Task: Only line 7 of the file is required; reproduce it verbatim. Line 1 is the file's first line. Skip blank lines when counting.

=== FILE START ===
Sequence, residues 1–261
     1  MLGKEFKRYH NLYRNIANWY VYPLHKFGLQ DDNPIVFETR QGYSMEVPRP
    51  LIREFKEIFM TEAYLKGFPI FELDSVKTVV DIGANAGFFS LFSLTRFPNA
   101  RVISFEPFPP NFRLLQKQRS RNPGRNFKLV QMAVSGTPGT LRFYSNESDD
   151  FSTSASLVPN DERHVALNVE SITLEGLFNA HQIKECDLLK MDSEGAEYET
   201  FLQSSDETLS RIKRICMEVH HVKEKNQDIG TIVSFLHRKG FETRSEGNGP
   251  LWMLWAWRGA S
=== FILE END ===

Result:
   251  LWMLWAWRGA S